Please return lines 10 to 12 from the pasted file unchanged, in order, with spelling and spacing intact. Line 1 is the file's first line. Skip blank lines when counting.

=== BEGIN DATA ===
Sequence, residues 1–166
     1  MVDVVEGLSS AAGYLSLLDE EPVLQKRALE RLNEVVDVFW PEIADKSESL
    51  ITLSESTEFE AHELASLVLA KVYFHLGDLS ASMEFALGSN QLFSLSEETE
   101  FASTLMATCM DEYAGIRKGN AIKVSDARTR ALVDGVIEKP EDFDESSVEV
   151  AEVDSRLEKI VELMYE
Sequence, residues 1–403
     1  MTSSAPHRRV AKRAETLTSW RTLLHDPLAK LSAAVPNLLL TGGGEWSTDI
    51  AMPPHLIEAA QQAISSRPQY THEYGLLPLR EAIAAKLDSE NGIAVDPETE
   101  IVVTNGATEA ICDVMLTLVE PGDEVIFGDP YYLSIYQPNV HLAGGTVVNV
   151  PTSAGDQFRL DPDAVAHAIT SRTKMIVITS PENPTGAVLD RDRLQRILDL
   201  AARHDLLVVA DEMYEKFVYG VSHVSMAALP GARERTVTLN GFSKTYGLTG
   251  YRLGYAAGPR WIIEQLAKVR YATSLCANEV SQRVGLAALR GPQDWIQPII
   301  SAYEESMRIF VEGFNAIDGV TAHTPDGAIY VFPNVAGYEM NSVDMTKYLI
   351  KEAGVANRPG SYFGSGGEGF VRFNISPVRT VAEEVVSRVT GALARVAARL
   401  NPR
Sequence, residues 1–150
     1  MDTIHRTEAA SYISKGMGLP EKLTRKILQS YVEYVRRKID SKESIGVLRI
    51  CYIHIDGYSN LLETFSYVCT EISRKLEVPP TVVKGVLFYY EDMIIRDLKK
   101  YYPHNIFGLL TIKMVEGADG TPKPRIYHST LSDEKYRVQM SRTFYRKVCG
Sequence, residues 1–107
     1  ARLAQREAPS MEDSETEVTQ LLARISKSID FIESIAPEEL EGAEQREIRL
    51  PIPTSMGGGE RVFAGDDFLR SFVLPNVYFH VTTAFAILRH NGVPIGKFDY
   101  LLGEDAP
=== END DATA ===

   151  PTSAGDQFRL DPDAVAHAIT SRTKMIVITS PENPTGAVLD RDRLQRILDL
   201  AARHDLLVVA DEMYEKFVYG VSHVSMAALP GARERTVTLN GFSKTYGLTG
   251  YRLGYAAGPR WIIEQLAKVR YATSLCANEV SQRVGLAALR GPQDWIQPII